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Repair Cafe Toronto aims to help ‘breathe life back into’ treasured possessions

Toronto Repair Café aims to help ‘breath life back into’ treasured possessions
A volunteer fixer helps repair a camera at a Toronto Repair Cafe event in January. (Repair Cafe Toronto / Facebook)

About two years ago, Paul Magder, the co-founder of Toronto’s Repair Cafe, said a man came to one of their events with an old transistor radio that was his last possession of his deceased mother.

It wasn’t a difficult fix. The sound crackled thanks to dirty contacts, but it was clear after Magder cleaned them off.

And even though this was a minor repair for the retired electronic technologist, now 62, it meant a lot to the man whose transistor radio was up and running, just like he remembered.

“He was so appreciative of being able to fix it,” Magder told Yahoo Finance Canada.

“That was first time somebody had said something like that … it was really heartwarming. I felt really happy that I was able to help the person — it sort felt like ‘yeah, this is what it is all about.’”


Magder along with his with his wife Fern Mosoff, a 63-year-old retired civil servant, and Wai Chu Cheng founded Toronto’s Repair Cafe nearly four years ago.

It is part of a growing chain of these hubs designed to prevent fixable items from ending up in the landfill, while sharing skills and bringing communities together.

The initiative was first started by former journalist Martine Postma in Amsterdam in 2009 and it has since spread to more than 1,100 sites across nearly 30 countries.

Repair Cafe Toronto holds one major repair event at a variety of locations, often public libraries, every month except December over the course of the year. They also host more than a dozen smaller “mini cafes” at community hubs.

Patrons are invited to bring in their broken household items – commonly things like lamps, blenders, hair dryers and zippers, according to Magder, but also computers, jewelry, bikes and other electronics – and to sit down with a volunteer “fixer” who won’t just repair them, but also show them how to do it themselves – at no cost.

“There’s people who have things that, you know, you might not think much of, but they really treasure, and sometimes they’ve kept them for years in their basement – they couldn’t throw them out – and they bring them and we breathe life back into them,” said Magder.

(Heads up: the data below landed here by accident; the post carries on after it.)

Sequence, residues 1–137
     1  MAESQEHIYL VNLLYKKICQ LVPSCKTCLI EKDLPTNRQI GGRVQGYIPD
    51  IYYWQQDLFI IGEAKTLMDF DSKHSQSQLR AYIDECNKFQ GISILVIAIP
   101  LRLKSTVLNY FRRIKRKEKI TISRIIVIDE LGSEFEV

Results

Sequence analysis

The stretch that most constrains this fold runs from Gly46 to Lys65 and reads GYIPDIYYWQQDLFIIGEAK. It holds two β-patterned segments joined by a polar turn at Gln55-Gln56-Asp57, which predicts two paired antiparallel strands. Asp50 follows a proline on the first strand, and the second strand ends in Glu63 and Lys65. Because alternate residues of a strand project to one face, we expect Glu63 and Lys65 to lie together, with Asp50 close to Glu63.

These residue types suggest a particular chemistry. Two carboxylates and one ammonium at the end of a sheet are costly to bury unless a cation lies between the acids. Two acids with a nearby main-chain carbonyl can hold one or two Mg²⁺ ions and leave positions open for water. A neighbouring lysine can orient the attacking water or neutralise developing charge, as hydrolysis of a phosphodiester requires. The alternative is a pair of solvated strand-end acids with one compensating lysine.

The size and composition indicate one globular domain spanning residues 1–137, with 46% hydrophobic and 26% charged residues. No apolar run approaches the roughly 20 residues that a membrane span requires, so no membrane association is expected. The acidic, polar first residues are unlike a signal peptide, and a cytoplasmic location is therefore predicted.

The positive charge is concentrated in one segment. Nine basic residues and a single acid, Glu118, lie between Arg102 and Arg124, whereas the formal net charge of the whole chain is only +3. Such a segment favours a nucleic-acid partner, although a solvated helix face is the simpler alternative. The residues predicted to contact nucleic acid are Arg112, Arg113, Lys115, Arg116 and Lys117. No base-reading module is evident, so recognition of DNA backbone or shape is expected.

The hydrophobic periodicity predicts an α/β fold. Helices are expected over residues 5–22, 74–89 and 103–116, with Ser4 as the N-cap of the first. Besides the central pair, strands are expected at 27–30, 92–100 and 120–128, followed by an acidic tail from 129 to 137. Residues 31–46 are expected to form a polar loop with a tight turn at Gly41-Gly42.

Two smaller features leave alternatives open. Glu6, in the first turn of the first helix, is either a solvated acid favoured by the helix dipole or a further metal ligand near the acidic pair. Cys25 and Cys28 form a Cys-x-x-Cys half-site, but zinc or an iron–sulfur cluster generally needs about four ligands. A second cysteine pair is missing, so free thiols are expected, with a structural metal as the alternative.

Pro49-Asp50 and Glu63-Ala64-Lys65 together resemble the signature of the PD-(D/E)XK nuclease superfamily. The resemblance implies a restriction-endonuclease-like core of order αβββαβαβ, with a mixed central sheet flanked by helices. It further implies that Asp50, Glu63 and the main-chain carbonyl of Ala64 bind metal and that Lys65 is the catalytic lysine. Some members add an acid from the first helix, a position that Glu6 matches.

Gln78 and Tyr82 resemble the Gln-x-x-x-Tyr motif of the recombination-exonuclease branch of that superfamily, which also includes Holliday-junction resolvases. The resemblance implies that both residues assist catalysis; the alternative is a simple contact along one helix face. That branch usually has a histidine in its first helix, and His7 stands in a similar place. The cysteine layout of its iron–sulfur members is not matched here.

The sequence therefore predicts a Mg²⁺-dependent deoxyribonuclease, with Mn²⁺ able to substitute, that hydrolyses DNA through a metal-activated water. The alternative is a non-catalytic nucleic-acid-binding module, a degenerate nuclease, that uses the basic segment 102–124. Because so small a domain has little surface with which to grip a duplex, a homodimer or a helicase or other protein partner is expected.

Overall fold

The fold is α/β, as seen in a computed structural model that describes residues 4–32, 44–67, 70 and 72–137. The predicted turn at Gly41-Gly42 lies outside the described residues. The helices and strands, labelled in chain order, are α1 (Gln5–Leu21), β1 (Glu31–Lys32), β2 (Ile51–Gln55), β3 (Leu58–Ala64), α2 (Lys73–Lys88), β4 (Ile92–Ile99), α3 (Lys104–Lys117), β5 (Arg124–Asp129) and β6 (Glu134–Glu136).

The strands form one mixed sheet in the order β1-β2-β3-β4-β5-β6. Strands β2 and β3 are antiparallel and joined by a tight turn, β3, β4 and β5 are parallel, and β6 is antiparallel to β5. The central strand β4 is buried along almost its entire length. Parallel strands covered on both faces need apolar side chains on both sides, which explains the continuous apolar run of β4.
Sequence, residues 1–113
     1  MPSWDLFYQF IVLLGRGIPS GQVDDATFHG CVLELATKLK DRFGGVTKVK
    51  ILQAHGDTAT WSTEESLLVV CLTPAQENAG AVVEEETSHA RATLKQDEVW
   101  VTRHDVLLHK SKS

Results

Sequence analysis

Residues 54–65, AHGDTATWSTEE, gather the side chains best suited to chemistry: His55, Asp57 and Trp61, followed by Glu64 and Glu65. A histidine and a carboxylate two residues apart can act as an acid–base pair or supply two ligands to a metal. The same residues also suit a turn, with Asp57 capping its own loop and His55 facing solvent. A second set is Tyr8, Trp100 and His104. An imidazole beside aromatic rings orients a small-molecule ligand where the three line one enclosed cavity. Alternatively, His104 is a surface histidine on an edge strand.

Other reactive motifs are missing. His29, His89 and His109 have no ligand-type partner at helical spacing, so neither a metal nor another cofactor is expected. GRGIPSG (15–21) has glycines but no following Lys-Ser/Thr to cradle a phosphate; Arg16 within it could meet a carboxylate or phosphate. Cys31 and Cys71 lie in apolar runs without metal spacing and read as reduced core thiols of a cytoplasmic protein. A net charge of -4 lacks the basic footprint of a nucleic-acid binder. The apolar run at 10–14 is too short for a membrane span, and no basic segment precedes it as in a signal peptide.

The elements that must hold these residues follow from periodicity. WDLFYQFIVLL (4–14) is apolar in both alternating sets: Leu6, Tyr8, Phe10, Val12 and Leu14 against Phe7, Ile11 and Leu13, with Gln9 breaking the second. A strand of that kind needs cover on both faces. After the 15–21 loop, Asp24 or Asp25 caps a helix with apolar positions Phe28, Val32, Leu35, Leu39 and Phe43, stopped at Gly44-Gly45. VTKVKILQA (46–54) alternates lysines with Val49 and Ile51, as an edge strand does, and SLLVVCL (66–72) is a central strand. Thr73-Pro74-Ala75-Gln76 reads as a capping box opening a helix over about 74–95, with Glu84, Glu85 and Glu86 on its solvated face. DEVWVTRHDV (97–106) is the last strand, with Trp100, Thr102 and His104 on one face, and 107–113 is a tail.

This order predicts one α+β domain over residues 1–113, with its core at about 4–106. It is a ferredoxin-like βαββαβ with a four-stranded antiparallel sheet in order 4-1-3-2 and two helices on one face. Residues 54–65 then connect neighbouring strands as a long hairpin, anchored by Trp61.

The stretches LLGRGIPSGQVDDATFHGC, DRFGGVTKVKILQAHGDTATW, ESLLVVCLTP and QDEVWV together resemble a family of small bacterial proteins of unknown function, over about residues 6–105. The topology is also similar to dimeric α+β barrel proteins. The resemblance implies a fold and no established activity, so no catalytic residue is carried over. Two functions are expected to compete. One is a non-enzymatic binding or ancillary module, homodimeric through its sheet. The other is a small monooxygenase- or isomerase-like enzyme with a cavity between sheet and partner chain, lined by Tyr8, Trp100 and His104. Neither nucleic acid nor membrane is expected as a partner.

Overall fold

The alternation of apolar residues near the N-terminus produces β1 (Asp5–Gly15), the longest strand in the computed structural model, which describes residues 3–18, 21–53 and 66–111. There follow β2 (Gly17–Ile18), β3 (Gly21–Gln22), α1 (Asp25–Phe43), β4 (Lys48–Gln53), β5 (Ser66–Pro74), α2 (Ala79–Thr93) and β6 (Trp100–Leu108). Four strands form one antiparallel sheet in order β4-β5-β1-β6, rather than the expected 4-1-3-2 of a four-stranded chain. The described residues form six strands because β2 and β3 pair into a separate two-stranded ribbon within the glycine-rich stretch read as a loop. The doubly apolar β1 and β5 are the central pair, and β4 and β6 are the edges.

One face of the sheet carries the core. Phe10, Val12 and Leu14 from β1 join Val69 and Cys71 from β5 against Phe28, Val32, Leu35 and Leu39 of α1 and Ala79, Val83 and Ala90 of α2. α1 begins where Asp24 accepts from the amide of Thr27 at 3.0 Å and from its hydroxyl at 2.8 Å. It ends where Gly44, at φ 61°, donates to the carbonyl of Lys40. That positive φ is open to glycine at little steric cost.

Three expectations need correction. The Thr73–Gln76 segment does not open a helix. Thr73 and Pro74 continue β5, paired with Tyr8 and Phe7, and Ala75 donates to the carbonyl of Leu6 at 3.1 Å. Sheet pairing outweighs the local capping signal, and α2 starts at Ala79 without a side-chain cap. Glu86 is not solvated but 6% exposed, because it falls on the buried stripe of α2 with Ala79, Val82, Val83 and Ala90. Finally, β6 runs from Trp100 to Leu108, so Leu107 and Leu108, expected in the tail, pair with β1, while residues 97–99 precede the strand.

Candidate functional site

“And when they come to the event they don’t just hand it over to our volunteers. We encourage them … We’re there to show them how to do it, so we have the machines or we do things by hand, but they’re the ones that actually do the repair.”

As a retired electronic technologist, Madger helps with home electronics and computers, while Mosoff mostly helps organizing events but can “pinch hit” on clothing repairs.

When an item can’t be fixed, but is worth paying for, volunteers will make recommendations about where to take them.

But for the most part they can be; Magder estimated that they repair between 60 and 80 per cent of the items that are brought in.

That’s great news for guests, many whom Mosoff said don’t have money or space for tools to make the repairs on their own.

A woman looks on while her toaster oven undergoes repairs at a Toronto Repair Cafe event. (Toronto Repair Cafe/Facebook)
A woman looks on while her toaster oven undergoes repairs at a Repair Cafe Toronto event. (Repair Cafe Toronto/Facebook)

The organization said it helped fix 877 items and prevented 1,005 from ending up in a landfill last year alone. In total, Repair Cafe said it has diverted 3,079 items since 2013.

It also said it taught 966 visitors to repair their broken items in 2016, including a record 150 people who showed up at their last event in January.

Bringing back a lost art

Sharing new skills, in particular, is a point of pride for Magder and Mosoff who remember learning sewing, welding and woodworking in classes such as shop and home economics in school.

But many of these talents have become lost arts, according to the pair.

Magder recalled speaking to students at an engineering conference at the University of Toronto who had never used a screwdriver.

“When we were growing up in school we used to have things we could do with our hands but people don’t anymore … so there’s a lot of skills being lost,” he said.

“So this is a way of invigorating interest and capacity.”

Mosoff said one of the goals is to teach the youth of today who often lack the knowledge to open something up and fix it, or have what she called the mindset of a “throwaway society.”

But attendees of Repair Cafe aren’t just youth in search of new skills, Mosoff said its events attract people across all ages and backgrounds.

It now also boasts a volunteer database of more than 400 people, 80 of whom make up the active core.

Repair Cafe also has an apprenticeship program that helps volunteers who want more practice or aren’t that confident in their skills sit down alongside a veteran fixer.

While it has no plans to settle into a permanent “cafe” because of a lack of funds, Mosoff said the doors at its events across the city will remain open to visitors looking for a helping hand or, of course, a free coffee or tea.

“Everyone is awestruck when they come.” said Mosoff.

“It has a great vibe. It has a buzz of all these people working together. There’s a congeniality that is special.”

The next Toronto event is taking place March 18. For more information visit the Repair Cafe Toronto website.